placed in command cf a brigade and or
dered to organize and discipline it. Bafore
he had been a month at Washington, be
submitted to Gen. McClellan, then Cam
mender-in-Chief, a- plan of barracks to
winter his brigade:in, which was approv
ed, and he was ordered to build them.
They were erected on Meridian Hill and
the nark was entirely done by his itol
diers. For the last three years they h*ve
been known as "Carver General Hospi-,
t al." Colonel Davis took his brigade to
the Peninsula in March, 1862, sad com
manded it until the last of April, when'''.
was _relieved by General H. M. Naglee:
Ho then returned to his regiment. His
regiment participated in all the opera—
tions in the campaign on the Peninsula,
and with the 52d Pennsylvania regiment
led the celebrated reconnoisance from
the Coickahominy to within four miles of
Richmond. Colonel. Davis, with his reg
iment, brought; on the celebrsted melon
of Fair Oaks, the first of the series of
bloody encounters around the Confeder
ate capital. Here he lost forty per cent.
of . his men, and received a painful wound,
a rifle ball penetrating his left elbow, at
the joints. was also struck by a spent
musket-WI, in the left breast. He was
laid up by his wound two months, and
rejoined his regiment at Harrison's Land
ing, seven days before his leave of ab
sence expired, and when he could not
mount his horse without assistance, When
the Army of the Potomac returned' , to
Washington his division (Peck's) was i.e
ta,ned on the Peninsula, and Colonel
Danis was placed in command of the hit
portant post at Gloucester Point, garri
soned by a small brigade. He put the
extensive works there in complete repeir.
In December of that year he was transfer
red to North Carolina, when General Fps
ter placed •him in command of his old
brigade again, which he retained, with ,an
occasional 'change of regiment, until near
ly the end of his term of service. His
command was transferred to South Caro
lina, in January, 1863, with the army that
was intended to attack Charleston. He
commanded a brigade, or division, in the
subsequent operations before that city.
He was with General Terry in the action
on James Island, July 16th; he was next
placed in command of the important post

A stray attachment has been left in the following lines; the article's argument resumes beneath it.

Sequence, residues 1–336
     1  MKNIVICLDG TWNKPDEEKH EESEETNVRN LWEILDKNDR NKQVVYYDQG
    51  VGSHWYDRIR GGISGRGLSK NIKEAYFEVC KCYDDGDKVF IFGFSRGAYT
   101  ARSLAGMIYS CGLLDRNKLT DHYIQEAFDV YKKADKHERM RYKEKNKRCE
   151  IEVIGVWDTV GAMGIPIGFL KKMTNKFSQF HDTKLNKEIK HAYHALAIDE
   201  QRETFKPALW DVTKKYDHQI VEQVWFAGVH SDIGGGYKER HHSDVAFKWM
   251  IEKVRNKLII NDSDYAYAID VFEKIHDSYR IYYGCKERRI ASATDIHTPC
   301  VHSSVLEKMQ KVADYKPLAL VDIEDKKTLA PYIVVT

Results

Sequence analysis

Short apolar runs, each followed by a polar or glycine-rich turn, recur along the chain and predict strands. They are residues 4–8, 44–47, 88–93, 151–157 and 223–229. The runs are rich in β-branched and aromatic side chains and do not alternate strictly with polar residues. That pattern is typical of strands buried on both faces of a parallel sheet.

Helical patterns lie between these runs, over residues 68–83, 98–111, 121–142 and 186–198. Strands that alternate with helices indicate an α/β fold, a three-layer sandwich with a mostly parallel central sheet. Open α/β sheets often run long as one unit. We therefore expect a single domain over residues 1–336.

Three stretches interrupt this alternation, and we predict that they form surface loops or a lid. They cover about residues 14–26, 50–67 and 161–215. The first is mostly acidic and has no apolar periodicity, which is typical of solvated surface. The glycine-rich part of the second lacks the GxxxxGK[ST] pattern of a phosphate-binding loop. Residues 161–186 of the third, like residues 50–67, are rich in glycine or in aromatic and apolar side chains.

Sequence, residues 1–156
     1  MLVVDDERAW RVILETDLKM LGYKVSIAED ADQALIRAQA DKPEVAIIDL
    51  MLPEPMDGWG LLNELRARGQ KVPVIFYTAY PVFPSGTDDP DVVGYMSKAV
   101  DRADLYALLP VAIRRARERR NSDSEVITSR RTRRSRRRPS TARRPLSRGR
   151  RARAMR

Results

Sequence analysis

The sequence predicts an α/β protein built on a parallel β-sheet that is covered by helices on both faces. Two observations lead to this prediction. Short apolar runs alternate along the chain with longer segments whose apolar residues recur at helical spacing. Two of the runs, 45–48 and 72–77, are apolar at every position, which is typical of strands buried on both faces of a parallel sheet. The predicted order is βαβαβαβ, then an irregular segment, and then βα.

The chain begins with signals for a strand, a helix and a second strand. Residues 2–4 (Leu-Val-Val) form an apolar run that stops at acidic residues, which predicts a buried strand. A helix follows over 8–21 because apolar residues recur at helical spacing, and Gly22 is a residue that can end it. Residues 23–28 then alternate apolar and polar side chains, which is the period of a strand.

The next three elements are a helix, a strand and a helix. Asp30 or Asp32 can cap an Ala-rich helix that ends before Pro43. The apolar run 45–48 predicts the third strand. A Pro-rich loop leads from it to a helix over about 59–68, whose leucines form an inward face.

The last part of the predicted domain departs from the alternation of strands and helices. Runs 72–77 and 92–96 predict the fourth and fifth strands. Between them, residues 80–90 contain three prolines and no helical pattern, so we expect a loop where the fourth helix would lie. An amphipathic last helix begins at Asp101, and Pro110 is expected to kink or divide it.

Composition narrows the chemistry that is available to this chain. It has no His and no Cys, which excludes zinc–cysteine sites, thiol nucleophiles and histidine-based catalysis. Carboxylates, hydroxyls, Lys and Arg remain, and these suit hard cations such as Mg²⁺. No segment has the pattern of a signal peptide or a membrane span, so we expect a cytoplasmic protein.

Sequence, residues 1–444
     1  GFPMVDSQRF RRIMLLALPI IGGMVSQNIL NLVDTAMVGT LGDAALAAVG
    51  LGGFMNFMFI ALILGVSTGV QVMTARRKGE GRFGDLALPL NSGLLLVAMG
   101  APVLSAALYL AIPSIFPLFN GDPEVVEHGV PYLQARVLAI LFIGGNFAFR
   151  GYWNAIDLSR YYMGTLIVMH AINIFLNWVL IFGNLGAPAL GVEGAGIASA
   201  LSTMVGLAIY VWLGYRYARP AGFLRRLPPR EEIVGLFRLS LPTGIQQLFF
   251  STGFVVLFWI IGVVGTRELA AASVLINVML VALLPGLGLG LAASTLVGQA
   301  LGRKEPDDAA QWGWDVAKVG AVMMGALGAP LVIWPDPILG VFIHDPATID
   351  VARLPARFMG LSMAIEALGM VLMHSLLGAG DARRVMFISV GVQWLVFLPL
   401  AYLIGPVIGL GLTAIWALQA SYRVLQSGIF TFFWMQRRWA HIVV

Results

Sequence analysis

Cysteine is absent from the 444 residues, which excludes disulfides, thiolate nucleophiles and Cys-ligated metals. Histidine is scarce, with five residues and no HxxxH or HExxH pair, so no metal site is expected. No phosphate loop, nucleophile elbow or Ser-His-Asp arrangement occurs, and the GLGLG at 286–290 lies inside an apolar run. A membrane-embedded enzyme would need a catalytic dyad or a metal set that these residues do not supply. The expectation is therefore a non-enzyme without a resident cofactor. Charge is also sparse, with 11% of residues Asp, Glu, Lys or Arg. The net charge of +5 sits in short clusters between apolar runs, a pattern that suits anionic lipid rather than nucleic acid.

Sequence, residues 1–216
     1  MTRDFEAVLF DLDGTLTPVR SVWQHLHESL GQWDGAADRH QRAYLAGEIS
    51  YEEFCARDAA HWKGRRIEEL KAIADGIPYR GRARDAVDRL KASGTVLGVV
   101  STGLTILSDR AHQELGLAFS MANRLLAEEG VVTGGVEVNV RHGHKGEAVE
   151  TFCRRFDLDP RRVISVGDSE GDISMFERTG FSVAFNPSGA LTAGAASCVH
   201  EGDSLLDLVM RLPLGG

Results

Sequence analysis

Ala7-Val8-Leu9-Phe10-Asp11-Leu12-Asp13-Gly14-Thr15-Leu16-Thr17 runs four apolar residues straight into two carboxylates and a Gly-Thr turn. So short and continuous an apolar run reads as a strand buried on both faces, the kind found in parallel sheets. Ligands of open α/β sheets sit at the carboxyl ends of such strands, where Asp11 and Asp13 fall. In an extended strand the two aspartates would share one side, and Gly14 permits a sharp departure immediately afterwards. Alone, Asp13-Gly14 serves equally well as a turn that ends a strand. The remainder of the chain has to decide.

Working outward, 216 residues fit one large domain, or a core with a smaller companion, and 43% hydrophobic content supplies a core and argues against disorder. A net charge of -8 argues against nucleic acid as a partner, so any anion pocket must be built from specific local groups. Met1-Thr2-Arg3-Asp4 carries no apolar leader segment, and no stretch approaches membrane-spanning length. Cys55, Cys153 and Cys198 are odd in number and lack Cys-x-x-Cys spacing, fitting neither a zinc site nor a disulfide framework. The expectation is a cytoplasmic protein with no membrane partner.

of Folly Island ; thence transferred to
Morris Island, and assisted in the siege
Operations against Wagner and Sumter.
His brigade was one of the two selected
by General Terry to make the final tumult
on Fort Wagner, the 7th of September.
From the,StOof January the 24th
of April, 1864, t,olonel Davis was in com
mand of the operations on Morris Island
against Charleston, the only place in the
department where active hostilities were
constantly carried on. This was at a time
when there were eleven geoWoral officers
in the department. Tne fact that Colo.
nel Davis was entrusted with- the com
mand of the post of honor, gives evidence
of the great confidence his superior 're
posed in him. From Morris Island he
Was transferred to the command of the
important D.strict of Hilton Head, ex
tending from St Helena sound to, and
including, Fort Pulaski, at the mouth of
Savannah river, a distance of sixty miles.
When a combined attack was made on
Charleston, in July, 1864 Colonel Davis
commanded the first brigade of Hatch's
division. He led the advance up John's
Island to within sight of the city. On the
morning of the 6th, while examining with
a glass, a rebel battery that was playing
upon his men, he was struck on the right
hand by a shell, which carried away the
fingers and tore the hand terribly. Of
course he is made a cripple for life. Atter
he had so far recovered, from i his wound
as to be able to do light duty, he was
made President of a general court mar
tial, in Philadelphia, where he remained
until he was mustered out of service, the
first of October. 1864.
Calonet Davis was never promote&the
reason of weich the War Department 'can
give. lie entered the service with more
knowledge of, and experience in, military
metiers than ninety-nine out of every
hundred officers in the volunteer army.
He has in his possession the very highest
testimonials from his superior officers, and
was frequently recommended for promo
tion, lie was honorably mentioned in
orders for his conduct at Fair Oaks. After
the fall of Wagner and Sumter, the Ad
jutant General of the army wrote to Gen